Background: Whether the consumption of caffeine during pregnancy increases the risk of spontaneous abortion is controversial. Prior studies have determined caffeine consumption by questionnaire. We used a biologic marker, such as serum paraxanthine, a metabolite of caffeine, to measure the dose of caffeine.
Methods: In a nested case-control study, we measured serum paraxanthine in 591 women who had spontaneous abortions at less than 140 days' gestation and in 2558 matched women from the same clinic who gave birth to live infants at 28 weeks' gestation or later and who had serum drawn on the same day of gestation as the women who had abortions. The women were enrolled in the Collaborative Perinatal Project during the period from 1959 to 1966, and serum paraxanthine was measured over 30 years later.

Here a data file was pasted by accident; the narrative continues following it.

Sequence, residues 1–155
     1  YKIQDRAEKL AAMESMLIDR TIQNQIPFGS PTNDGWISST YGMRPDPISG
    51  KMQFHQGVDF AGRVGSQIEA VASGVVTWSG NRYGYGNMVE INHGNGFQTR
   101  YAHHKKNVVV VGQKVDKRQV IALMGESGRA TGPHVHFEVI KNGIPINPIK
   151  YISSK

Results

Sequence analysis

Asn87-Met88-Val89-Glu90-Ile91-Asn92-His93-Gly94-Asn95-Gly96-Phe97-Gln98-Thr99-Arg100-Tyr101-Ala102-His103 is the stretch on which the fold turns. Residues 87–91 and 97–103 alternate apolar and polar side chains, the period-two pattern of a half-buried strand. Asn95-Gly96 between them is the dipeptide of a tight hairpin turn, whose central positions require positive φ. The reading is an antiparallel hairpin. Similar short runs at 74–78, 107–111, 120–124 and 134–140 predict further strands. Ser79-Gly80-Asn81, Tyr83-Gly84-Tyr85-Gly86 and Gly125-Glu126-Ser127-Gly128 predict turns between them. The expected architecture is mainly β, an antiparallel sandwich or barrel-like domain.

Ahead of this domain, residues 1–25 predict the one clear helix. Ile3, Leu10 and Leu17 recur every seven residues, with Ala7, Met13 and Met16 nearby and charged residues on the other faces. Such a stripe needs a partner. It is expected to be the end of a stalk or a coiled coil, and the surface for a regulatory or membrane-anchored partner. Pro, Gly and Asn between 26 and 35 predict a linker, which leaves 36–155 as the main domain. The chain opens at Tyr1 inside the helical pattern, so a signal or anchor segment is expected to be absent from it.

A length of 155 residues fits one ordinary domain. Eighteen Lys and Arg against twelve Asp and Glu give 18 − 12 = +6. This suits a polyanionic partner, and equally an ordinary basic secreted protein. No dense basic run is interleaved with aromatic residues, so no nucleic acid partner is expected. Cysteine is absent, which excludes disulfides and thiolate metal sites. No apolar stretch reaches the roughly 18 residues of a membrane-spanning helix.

Results: A total of 487 women who had spontaneous abortions (82 percent) and 2087 controls (82 percent) had quantifiable serum paraxanthine concentrations. However, the mean serum paraxanthine concentration was higher in the women who had spontaneous abortions than in the controls (752 vs. 583 ng per milliliter, P<0.001). The odds ratio for spontaneous abortion was not significantly elevated in the women who had serum paraxanthine concentrations of 1845 ng per milliliter or lower, corresponding to the 95th percentile of the matched women. However, the adjusted odds ratio for spontaneous abortion among women with serum paraxanthine concentrations higher than 1845 ng per milliliter, as compared with women who had concentrations below 50 ng per milliliter, was 1.9 (95 percent confidence interval, 1.2 to 2.8).
Conclusions: Only extremely high serum paraxanthine concentrations are associated with spontaneous abortion. This suggests that moderate consumption of caffeine is unlikely to increase the risk of spontaneous abortion.